Who are the highest-paid players in Sprint Cup? Here are the hard numbers according to Forbes magazine, and they make for interesting reading. -Hendrick Motorsports photo
Forbes has published its annual survey of NASCAR salaries and revenues, and it’s worth a good look. While the trend continues downward in recent years, according to the magazine, some drivers and teams at the sharp end of the grid continue to command big bucks. Here are the top five drivers in earnings for 2013:
1. Dale Earnhardt Jr. — Total Earnings $25.6 million; Salary/winnings $14.6 million + Licensing/endorsements $11 million
2. Jimmie Johnson — Total Earnings $24.8 million; Salary/winnings $18.3 million + Licensing/endorsements $6.5 million
3. Jeff Gordon — Total Earnings $18.2 million; Salary/winnings $13.2 million + Licensing/endorsements $5 million
4. Tony Stewart — Total Earnings: $17.3 million; Salary/winnings $11.3 million + Licensing/endorsements $6 million
5. Kyle Busch — Total Earnings: $15.8 million; Salary/winnings $12.8 million + Licensing/endorsements: $3 million
Some will be surprised that Danica Patrick ranked “only” no. 9 on the Forbes list at $13.5 million, while others might be dismayed at her big payday, since she has yet to win a Sprint Cup race. However, her $6.5 million in licensing and endorsement income was greater than all other drivers except the top two, Earnhardt Jr. and Johnson. In NASCAR today, marketability equals revenue. And in that department, Danica easily pulls her weight.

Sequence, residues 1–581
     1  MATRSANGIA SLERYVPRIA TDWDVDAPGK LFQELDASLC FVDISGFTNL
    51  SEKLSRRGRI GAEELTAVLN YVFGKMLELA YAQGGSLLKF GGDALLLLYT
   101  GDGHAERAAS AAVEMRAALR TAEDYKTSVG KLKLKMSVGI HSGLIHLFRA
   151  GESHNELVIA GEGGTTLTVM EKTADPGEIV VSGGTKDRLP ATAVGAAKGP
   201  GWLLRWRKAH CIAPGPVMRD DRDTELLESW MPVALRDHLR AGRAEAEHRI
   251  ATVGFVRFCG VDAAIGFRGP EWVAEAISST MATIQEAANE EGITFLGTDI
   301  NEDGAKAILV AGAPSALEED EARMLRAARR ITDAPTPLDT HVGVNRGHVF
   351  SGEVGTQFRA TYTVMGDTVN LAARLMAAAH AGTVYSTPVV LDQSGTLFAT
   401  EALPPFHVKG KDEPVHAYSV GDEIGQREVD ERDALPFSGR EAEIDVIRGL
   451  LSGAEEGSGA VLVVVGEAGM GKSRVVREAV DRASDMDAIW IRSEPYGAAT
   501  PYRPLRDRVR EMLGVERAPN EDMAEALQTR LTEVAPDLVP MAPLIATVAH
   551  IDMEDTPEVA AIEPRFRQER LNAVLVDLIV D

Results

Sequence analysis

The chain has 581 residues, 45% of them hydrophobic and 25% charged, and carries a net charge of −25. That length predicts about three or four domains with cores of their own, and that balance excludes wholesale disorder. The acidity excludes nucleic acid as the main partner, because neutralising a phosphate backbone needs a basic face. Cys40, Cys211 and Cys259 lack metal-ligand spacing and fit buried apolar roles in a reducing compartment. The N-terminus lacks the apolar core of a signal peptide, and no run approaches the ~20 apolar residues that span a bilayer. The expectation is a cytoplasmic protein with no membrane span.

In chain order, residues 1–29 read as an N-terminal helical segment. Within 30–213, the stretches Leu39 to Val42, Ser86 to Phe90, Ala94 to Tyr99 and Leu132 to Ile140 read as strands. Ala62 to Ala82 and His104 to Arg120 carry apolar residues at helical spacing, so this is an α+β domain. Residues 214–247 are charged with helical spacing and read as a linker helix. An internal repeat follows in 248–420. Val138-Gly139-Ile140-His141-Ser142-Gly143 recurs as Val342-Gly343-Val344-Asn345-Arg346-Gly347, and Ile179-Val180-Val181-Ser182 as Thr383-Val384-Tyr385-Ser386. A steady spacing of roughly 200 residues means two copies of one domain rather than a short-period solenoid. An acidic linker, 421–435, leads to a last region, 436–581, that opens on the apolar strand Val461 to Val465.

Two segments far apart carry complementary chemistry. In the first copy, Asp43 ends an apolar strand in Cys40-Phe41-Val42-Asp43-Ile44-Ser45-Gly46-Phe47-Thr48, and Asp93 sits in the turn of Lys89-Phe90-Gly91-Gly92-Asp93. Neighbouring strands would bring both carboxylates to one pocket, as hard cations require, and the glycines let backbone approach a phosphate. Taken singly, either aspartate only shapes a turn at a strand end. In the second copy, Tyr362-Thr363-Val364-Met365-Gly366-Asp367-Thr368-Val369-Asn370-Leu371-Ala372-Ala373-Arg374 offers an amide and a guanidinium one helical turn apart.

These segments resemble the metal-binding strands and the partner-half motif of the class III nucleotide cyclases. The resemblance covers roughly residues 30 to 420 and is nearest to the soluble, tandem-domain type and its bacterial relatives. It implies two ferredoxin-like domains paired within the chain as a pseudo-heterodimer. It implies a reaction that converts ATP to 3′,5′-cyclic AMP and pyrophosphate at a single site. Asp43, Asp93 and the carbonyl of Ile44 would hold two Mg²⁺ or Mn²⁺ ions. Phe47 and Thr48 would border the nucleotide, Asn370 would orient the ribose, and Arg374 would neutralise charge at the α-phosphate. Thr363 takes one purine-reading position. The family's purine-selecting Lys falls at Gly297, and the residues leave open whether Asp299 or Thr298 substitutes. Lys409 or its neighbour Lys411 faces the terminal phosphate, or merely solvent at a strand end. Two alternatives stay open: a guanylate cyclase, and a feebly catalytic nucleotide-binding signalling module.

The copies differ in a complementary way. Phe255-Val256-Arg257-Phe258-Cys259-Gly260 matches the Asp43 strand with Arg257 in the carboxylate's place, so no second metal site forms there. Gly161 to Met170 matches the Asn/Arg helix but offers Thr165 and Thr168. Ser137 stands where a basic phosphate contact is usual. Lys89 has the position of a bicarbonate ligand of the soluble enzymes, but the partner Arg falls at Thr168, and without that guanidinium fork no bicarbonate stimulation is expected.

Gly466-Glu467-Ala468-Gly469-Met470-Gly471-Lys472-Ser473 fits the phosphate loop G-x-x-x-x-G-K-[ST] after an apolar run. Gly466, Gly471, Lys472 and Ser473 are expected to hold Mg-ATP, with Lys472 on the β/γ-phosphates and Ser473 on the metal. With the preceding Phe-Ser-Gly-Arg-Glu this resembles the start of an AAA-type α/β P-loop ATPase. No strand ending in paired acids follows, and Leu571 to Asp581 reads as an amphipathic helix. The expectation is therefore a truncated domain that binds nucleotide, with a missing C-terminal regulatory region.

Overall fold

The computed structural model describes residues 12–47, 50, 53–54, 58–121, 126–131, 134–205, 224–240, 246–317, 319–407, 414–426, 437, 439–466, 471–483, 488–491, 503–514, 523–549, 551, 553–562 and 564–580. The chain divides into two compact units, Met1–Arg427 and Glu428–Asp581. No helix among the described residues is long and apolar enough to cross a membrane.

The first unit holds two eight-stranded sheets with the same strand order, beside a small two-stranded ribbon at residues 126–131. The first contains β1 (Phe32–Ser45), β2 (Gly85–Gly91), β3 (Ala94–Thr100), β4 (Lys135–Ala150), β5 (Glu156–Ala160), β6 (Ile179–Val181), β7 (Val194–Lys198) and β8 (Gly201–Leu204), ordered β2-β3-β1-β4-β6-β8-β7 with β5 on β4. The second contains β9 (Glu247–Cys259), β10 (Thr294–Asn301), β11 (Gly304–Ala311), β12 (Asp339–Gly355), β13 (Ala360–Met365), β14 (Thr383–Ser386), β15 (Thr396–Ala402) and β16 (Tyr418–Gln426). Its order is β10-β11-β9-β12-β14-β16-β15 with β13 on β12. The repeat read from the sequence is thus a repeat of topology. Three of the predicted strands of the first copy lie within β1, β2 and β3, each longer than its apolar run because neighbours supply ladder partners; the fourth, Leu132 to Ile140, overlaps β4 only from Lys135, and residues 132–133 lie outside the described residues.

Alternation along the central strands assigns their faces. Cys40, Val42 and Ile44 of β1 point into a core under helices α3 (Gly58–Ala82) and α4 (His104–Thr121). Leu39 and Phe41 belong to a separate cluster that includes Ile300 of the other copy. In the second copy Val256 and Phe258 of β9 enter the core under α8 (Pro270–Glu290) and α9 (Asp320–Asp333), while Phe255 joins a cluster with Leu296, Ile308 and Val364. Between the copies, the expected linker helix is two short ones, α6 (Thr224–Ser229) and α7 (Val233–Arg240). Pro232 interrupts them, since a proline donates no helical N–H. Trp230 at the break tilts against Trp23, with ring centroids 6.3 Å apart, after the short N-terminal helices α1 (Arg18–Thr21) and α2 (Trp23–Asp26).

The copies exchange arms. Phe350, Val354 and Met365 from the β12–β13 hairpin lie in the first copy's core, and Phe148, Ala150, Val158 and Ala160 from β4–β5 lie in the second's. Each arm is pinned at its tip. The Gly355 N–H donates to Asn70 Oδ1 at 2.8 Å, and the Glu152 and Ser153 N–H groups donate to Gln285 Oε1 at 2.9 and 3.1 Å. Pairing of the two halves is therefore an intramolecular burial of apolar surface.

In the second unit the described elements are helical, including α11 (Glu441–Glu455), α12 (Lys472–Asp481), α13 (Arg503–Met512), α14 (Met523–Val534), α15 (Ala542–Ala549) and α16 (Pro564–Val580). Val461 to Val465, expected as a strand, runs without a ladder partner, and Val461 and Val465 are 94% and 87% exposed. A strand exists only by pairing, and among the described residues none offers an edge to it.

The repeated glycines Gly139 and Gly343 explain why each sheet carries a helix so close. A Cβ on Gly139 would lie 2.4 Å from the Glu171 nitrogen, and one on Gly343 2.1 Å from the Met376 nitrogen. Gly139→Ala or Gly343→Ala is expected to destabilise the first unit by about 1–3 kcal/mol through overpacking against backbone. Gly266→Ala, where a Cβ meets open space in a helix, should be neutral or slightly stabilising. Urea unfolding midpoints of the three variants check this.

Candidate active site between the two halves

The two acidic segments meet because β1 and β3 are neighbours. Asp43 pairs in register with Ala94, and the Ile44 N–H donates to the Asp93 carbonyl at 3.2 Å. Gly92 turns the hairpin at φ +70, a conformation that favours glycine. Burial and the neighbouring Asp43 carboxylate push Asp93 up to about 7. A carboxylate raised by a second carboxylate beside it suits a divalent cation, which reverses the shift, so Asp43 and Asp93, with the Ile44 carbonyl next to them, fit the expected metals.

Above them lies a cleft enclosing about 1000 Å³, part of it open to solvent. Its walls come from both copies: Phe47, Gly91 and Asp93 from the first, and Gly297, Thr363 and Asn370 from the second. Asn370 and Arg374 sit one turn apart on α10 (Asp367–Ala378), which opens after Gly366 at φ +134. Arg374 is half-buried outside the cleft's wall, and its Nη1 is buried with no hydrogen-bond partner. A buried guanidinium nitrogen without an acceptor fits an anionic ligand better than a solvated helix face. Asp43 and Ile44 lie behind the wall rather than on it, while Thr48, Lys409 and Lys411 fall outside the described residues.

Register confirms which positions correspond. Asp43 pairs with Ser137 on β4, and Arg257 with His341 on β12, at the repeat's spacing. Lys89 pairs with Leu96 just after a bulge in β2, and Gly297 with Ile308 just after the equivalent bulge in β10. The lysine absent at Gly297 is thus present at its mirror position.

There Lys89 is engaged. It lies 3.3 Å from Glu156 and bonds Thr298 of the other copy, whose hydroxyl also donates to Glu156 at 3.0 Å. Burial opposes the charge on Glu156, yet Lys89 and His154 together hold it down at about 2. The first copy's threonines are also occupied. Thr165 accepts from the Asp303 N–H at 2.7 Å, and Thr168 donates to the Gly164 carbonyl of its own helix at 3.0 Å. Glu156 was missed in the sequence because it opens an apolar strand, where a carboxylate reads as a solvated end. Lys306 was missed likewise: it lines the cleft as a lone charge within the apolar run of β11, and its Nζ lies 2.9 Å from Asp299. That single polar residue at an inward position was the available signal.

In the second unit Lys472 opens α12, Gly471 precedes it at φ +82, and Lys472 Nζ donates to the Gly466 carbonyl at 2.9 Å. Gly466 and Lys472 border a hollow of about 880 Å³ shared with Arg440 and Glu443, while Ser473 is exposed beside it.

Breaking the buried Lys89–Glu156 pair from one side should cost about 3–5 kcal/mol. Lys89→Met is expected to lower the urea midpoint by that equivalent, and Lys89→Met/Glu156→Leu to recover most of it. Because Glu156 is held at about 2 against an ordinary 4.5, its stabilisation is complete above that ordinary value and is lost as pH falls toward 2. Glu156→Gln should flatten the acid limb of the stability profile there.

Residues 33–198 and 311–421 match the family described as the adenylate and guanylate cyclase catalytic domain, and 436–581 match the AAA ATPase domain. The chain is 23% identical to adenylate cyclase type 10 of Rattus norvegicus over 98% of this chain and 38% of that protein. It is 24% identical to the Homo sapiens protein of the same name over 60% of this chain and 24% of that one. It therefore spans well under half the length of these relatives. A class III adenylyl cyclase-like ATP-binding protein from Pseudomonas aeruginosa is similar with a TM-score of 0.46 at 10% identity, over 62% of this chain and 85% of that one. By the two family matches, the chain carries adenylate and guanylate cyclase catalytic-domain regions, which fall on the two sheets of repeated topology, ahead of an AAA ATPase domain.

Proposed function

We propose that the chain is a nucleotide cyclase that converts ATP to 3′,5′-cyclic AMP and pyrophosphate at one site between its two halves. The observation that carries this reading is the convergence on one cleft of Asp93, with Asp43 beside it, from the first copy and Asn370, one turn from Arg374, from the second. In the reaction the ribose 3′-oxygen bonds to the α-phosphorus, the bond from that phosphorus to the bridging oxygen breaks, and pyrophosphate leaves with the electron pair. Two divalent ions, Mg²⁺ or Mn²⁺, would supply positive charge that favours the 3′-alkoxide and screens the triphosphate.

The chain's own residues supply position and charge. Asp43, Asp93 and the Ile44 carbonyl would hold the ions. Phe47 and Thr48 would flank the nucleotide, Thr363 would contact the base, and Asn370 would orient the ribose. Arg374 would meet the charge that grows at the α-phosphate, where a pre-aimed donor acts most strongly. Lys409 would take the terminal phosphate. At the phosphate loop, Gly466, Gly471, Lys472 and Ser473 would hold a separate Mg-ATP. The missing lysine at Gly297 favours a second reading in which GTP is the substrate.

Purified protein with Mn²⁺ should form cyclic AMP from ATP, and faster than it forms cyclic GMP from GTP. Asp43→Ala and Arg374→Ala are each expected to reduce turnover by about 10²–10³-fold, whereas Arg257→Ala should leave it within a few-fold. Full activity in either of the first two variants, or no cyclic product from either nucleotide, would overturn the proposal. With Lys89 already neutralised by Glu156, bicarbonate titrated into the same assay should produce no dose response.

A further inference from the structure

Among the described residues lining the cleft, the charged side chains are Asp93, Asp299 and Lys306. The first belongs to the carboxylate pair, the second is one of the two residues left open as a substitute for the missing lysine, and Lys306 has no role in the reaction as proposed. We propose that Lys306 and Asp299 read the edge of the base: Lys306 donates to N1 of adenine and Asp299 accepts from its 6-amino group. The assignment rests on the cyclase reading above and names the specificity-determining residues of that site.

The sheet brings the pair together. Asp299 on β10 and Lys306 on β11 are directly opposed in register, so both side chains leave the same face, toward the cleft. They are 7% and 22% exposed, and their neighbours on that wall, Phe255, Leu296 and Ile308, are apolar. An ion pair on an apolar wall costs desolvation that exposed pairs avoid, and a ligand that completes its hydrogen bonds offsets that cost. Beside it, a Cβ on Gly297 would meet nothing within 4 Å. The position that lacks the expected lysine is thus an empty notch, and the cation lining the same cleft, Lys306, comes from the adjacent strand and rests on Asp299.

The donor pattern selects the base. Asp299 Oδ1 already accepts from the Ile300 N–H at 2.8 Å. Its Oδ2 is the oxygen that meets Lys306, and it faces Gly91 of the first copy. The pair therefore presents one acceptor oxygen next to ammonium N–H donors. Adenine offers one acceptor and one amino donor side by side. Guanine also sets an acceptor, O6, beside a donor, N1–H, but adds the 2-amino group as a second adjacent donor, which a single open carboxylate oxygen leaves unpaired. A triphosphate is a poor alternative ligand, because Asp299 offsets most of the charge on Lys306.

-Mike Meadows photo for ISC
It’s also worth noting that Hendrick Motorsport drivers swept the top three positions, and all four made the top 10 (Kasey Kahne was tenth at $12.6 million). Driver earning power is key to another valuation in the Forbes survey, total team value. In the magazine’s estimation, Hendrick Motorsports is worth $349 million, more than twice the value of any other Sprint Cup team.
In comparison, Joe Gibbs Racing ranks No. 2 at $171 million, while Roush Fenway Racing is No. 3 at $157 million. Stewart-Haas made the greatest leap this year to no. 4 at $148 million, largely by expanding from three to four cars and by signing two valuable drivers , Kevin Harvick (no. 7 on the Forbes list) and Kurt Busch.
“The value of a Nascar team is largely tied up in its sponsorship commitments,” according to Forbes. And as we have seen, sponsor value is in no small part based on the star power and earning potential of the drivers. With over $100 million in sponsor income, we can expect the Hendrick crew to run at the front of the pack again this season, both on the race track and in the financial statements.
-HHP/Harold Hinson photo for Chevy Racing